“Gratitude makes sense of our past, brings peace for today, and creates a vision for tomorrow.” –Melody Beattie
“Thank you is the best prayer that anyone could say. I say that one a lot. Thank you expresses extreme gratitude, humility, and understanding.” –Alice Walker
“Gratitude is not only the greatest of virtues, but the parent of all others.” –Marcus Tullius Cicero
November seems to be the month when many of my Facebook friends are inspired to post one thing they are grateful for each day. I think it’s good to focus on gratitude, even if it’s only one month out of the year. Focusing on gratitude shifts our eyes outward instead of inward, and it helps us see the beauty instead of all the things going wrong in the world. It also makes me happier to focus on things for which I’m grateful.
One day I was talking with some friends and I mentioned the beauty of the sunrises and sunsets I can enjoy from my home. One of the people sneered and said, “Yes, all that beautiful red is caused by the chemicals and particulates in the air. Who wants to be grateful for that.” I felt sad for her, because she almost never sees the beauty in anything. What a sad life she must live, not to be grateful for anything good that comes her way. That’s why sometime in 2013, I decided to dedicate an entire journal to gratitude. Each day I write three or four things for which I’m grateful and it’s been quite a life changing experiment.
Today, I awoke before sunrise and was blessed with the beauty of the sun turning the thin layer of clouds red, pink and gold. I remembered what that woman had said about what caused the colors, and I decided to take pictures of them and use them in today’s post. I’m grateful for the beauty of the earth. It’s one of the most simple blessings we have, yet most of the time we’re too busy to notice.
Anyway, after taking the pictures, my thought processes went from how some people have a hard time being grateful, to the time in my own life when I was extremely serious and closed off. I was wound up pretty tight, not wanting to make any mistakes. You see, I didn’t like myself very much and I thought that if I was as perfect as possible, no one would notice the flaws I knew lurked deep inside. I was pessimistic and cynical most of the time, just like the woman I mentioned above. Life was a chore for me then and not much fun. But little by little, I began to unwind the tight control I had on myself.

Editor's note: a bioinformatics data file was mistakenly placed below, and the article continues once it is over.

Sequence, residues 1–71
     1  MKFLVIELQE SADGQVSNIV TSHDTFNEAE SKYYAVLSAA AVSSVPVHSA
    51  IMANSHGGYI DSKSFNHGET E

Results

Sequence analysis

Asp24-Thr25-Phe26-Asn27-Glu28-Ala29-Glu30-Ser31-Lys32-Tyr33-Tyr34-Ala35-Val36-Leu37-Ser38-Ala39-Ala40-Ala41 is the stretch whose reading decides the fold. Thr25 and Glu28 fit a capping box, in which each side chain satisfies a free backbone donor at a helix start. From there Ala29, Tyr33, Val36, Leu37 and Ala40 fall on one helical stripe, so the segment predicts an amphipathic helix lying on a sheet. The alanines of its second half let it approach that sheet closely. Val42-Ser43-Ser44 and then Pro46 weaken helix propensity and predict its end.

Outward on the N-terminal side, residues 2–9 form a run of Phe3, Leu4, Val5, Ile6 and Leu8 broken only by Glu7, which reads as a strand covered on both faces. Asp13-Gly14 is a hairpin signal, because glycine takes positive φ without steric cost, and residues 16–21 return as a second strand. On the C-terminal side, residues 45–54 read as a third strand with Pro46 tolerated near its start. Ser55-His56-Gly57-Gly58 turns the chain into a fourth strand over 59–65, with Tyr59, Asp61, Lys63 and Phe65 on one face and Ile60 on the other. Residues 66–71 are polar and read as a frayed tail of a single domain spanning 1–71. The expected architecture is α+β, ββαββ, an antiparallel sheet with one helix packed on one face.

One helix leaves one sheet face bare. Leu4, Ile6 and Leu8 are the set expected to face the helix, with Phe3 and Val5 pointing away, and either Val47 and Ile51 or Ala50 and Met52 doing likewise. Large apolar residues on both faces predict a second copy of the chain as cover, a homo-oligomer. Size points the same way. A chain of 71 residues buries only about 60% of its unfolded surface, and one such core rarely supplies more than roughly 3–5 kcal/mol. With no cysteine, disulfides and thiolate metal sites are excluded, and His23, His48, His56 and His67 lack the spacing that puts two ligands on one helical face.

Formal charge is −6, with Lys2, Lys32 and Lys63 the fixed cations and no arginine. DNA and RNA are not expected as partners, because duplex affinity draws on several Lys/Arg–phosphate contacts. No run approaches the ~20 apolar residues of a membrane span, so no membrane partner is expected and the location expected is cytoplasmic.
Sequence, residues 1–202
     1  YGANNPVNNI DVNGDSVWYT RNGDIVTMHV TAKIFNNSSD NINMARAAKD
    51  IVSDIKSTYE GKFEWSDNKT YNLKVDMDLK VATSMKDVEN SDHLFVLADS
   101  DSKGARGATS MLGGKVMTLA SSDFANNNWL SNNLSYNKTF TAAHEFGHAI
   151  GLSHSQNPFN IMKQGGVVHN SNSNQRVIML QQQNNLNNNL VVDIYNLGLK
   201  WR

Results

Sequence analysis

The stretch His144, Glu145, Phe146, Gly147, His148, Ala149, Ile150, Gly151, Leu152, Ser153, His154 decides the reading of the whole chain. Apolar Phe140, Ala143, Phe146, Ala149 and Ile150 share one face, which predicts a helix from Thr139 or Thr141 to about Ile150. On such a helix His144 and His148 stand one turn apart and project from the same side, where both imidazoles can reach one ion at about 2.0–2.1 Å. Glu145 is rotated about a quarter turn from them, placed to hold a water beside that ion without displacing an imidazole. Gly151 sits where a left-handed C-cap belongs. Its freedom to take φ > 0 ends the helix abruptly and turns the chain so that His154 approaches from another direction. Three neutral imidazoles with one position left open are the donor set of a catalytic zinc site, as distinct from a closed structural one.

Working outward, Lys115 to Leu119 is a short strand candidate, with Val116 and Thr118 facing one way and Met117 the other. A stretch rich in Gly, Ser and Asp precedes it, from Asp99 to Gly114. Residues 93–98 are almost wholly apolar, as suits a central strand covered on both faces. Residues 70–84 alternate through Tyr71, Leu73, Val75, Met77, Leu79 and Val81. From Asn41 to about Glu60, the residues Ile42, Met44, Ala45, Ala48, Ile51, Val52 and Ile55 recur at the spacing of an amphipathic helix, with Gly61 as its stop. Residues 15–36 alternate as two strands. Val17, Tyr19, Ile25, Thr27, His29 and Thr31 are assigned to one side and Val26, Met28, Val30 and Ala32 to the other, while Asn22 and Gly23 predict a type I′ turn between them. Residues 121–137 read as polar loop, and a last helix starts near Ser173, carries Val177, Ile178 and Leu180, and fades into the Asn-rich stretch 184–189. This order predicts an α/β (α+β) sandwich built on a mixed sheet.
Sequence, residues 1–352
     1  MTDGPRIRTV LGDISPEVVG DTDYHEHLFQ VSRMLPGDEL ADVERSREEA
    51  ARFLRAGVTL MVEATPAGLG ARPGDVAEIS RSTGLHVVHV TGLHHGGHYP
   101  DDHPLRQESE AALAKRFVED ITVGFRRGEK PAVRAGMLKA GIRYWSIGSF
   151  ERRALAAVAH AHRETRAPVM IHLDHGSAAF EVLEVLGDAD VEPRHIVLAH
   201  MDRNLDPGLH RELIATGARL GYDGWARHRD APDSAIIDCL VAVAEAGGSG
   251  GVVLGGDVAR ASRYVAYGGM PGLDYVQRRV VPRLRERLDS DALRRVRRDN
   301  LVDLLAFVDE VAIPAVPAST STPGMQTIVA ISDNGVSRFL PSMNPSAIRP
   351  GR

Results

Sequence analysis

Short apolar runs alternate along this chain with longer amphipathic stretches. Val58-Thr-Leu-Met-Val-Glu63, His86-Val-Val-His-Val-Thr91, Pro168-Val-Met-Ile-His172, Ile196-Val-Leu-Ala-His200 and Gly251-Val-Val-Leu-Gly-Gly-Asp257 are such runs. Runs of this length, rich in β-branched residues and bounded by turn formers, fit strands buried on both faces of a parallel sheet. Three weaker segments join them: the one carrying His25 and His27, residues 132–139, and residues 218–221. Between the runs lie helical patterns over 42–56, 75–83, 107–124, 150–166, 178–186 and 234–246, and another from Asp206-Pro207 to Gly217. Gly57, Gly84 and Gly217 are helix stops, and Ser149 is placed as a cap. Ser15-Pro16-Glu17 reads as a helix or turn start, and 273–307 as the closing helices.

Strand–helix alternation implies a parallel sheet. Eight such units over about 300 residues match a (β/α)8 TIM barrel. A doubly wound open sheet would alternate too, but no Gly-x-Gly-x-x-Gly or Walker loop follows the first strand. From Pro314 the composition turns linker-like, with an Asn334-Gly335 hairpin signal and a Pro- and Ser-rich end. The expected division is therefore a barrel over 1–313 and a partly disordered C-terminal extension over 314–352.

The first thing I did that helped was to dedicate myself to a year of volunteer service through a program sponsored by my church. Talents that I didn’t know I had emerged. That made me feel better about myself, and I began to feel the smallest bit of gratitude that I wasn’t such a terrible creature after all.
As the years rolled by, I found more things for which I was grateful. When I began keeping a journal at the age of twenty-four, I got the idea to end my entries thanking God for all the love and support that was guiding me along my life journey. This opened my eyes to a larger world of things for which I could be grateful.
I don’t know exactly when it happened, but eventually I realized that I liked who I’d become. I wasn’t perfect. I’d made plenty of mistakes throughout my life, but practicing gratitude allowed me to stop focusing so much on myself and my mistakes. What’s more, I noticed that everyone has some burden to bear, and dark places within that need healing. No one is perfect and trying to pretend that you are is exhausting.
A few months ago, one of my spiritual teachers challenged his readers to write three things that we were grateful for every day for two or three weeks. We had to pick three completely new things each day, no repeats were allowed. I took up the challenge, because, even though I was writing in my gratitude journal every day, I noticed that I was repeating myself quite a bit. My practice needed some revitalization.
Doing that was a shot in the arm for my personal growth. There are so many things big and small that we’re blessed with everyday. Noticing them leads us to lots of other wonderful things. For example, gratitude leads us to self-love, healing and finding our purpose. It leads us out of the dark times, or helps us cope with them when they come. Gratitude helps us discover new talents we didn’t know we possessed. It lightens our load and helps us have more fun.
I’m grateful that I let go of my cynicism, self-hatred and fear of being discovered. My life now is so much richer and happier. And when challenges present themselves, instead of yelling at God, I look for the lesson being presented to me.
What are the hidden things you can be grateful for throughout the holiday season, and beyond?
Lucinda Sage-Midgorden © 2014